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While most of the companies are witnessing a slight recovery in their businesses, Uber Technologies continues to underperform despite growing demands for the platform’s services. The company’s Q3 results indicate that Uber is still struggling to increase its revenues and hasn’t been able to meet investors’ expectations.

During the quarter that ended on September 30, Uber reported a drop in revenues by 18% year over year, which stood at $3.8 billion in Q3 2019 and is $3.13 in Q3 2020. Analysts had already expected a dismal revenue collection of $3.2 billion for Uber in Q3, which the company wasn’t able to fulfill. Interestingly, in terms of the company’s revenue share, Uber’s delivery business overtook the mobility business to contribute the highest in the company’s overall revenues. The delivery platform posted revenues of $1.45 billion, up by 125%, whereas, the mobility platform reported revenues of $1.36 billion, down by more than 50%.

Gross Bookings on the Uber platforms also went down by 10%. In the latest quarter, Uber could only manage to produce bookings worth $14.7 billion, down from $16.4 billion last year. A breakdown between Uber’s two platforms reveals that the gross booking on its ride-hailing service declined a sharp 50% to $5.9 billion, whereas, the delivery platform grew by posting a 135% year over year rise in gross bookings, sitting at $8.5 billion in Q3 2020.

The company headed by Dara Khosrowshahi also faced a decline in its user base and trips conducted. Monthly Active Platform Consumers (MAPCs) on Uber dropped by a huge 24% to 78 million, whereas, trips conducted on the platform shrank by 35% to 1.15 billion, down from 1.77 billion trips in 2019.

However, the net loss of the company declined by a small fraction of 6% to $1.09 billion, down from $1.16 from last year. The company’s overall adjusted net revenue (ANR) declined by 20% to $2.8 billion. This was fuelled by a decline in Uber’s mobility ANR by more than 50% to $1.3 billion. However, the delivery service showed strong promises here as well as it reported an ANR of $1.13 billion, up by a massive 190%.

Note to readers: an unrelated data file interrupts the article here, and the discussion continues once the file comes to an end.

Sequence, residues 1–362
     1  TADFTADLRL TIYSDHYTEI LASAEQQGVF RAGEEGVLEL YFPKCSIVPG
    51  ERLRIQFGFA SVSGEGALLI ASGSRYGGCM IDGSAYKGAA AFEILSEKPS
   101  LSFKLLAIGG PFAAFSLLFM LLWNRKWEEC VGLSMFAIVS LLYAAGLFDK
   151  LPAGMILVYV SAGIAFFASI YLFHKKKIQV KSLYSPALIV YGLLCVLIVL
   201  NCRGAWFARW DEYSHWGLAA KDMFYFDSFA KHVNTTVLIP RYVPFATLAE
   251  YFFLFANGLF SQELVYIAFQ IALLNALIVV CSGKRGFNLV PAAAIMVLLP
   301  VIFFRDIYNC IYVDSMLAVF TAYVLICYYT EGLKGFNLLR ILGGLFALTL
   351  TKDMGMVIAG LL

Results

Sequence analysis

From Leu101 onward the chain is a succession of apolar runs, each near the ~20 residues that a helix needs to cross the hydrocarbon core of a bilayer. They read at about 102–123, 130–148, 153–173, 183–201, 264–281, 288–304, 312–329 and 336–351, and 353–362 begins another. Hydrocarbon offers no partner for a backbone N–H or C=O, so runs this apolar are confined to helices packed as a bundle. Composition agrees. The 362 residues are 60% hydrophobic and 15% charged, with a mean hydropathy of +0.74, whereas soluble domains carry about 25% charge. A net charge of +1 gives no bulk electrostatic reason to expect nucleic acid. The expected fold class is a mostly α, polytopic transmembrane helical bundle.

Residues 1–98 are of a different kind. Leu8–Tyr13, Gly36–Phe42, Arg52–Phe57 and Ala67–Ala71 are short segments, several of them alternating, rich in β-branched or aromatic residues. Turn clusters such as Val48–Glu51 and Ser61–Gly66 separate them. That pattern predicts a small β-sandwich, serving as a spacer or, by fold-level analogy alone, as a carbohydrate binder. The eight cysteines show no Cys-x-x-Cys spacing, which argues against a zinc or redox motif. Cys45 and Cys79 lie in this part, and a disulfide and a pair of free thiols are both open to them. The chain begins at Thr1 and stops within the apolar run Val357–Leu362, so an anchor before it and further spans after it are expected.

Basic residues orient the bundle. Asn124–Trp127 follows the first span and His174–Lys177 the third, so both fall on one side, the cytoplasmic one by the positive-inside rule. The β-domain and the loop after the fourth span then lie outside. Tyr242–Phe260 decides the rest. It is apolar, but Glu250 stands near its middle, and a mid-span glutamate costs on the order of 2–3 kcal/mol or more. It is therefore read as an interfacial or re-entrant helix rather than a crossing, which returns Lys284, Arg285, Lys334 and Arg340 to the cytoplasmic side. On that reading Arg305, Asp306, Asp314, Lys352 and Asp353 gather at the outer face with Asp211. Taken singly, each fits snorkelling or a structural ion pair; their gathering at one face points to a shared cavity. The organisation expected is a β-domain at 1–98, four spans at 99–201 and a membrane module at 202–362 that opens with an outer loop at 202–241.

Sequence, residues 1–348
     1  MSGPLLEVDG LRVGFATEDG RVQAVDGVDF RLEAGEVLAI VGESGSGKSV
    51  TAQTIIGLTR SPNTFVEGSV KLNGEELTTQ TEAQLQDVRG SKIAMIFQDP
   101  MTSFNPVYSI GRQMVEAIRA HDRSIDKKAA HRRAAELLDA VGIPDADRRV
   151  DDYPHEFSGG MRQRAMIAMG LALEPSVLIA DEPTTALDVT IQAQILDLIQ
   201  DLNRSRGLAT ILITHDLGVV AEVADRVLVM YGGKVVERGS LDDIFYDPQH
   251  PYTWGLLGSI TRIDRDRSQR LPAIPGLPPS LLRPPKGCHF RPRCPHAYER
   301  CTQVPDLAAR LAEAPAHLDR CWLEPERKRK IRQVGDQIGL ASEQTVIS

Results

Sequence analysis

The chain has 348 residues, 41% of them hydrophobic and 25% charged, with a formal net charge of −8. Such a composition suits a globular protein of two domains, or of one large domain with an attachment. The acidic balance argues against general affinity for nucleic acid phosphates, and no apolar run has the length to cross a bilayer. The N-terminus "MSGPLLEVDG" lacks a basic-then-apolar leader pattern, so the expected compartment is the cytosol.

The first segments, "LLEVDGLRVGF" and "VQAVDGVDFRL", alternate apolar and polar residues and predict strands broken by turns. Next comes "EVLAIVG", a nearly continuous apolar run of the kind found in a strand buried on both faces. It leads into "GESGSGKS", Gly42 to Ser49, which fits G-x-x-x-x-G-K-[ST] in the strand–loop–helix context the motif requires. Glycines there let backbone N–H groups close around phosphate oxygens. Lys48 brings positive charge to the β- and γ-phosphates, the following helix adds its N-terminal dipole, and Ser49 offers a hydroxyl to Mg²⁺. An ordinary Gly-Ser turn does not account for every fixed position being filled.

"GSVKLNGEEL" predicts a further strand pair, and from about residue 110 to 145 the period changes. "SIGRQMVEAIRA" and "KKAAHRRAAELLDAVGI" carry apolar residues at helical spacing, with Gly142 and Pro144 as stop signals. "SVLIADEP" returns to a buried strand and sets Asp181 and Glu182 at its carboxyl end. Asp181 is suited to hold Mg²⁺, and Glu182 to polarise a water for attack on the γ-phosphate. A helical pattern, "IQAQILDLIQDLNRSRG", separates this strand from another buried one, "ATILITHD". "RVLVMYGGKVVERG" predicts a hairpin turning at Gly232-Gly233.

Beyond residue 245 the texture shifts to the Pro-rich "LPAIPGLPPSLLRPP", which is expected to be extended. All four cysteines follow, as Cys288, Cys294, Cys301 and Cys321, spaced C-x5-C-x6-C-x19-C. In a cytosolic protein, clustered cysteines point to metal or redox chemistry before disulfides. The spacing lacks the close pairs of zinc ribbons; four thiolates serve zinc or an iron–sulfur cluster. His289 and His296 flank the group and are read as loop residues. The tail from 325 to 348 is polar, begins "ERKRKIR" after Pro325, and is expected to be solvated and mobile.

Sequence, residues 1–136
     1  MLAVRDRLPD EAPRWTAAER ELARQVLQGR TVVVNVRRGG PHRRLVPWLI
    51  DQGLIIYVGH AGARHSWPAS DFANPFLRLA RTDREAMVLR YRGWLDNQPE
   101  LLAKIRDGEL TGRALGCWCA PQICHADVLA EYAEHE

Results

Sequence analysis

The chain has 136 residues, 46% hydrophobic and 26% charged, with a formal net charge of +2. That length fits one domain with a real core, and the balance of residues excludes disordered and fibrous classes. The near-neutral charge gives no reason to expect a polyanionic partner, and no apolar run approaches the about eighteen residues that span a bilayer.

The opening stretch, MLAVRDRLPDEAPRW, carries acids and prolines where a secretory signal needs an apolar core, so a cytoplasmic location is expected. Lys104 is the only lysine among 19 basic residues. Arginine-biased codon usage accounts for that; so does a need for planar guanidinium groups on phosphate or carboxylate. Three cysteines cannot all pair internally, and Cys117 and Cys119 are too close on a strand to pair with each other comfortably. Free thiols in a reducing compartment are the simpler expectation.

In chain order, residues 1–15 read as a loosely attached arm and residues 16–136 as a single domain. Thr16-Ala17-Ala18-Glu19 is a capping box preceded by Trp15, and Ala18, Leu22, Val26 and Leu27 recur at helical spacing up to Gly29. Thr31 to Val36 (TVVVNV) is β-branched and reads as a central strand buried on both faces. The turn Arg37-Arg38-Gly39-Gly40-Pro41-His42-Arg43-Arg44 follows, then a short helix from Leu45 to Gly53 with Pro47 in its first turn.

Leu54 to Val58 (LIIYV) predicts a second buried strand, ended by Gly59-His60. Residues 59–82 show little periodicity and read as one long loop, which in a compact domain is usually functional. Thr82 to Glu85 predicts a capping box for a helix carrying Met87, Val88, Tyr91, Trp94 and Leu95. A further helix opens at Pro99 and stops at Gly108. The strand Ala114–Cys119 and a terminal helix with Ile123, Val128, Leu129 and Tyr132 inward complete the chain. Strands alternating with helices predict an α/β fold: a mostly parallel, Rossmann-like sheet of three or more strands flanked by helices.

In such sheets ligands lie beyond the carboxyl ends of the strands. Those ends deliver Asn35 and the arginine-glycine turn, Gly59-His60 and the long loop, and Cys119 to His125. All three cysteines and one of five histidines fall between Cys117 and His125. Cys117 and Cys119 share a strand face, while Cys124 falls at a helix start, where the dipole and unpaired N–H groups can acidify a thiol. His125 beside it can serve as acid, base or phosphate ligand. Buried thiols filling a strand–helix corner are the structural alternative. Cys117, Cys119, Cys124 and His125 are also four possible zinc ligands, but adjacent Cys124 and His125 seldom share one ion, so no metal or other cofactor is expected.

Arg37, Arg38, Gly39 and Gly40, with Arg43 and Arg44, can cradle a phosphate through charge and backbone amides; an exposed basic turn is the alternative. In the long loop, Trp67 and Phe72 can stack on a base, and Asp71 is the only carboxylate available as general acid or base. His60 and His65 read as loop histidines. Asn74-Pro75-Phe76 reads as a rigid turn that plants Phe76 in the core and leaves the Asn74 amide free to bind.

Dara Khosrowshahi, CEO of Uber said, “Despite an uneven pandemic response and broader economic uncertainty, our global scope, diversification, and the team’s tireless execution delivered steadily improving results, with total company Gross Bookings down just 6% year-on-year in September. Mobility Gross Bookings nearly doubled from Q2 levels and Delivery surged again to 135% year-on-year growth thanks to an increasing pace of innovation, which saw us launch new industry-leading safety technology; extend delivery offerings into groceries and prescriptions; bring Uber Green to more than 50 cities, and expand both Uber Pass and Eats Pass membership plans.”

Uber’s mixed results between both of its entities are justified as both the services have been receiving very contrasting demands in recent times. The COVID-19 pandemic brought demands for ride-hailing services crashing down as people conformed to social distancing norms. But as people started staying back at home due to the lockdown, the demand for food delivery spiked and delivery apps benefitted the most during this period.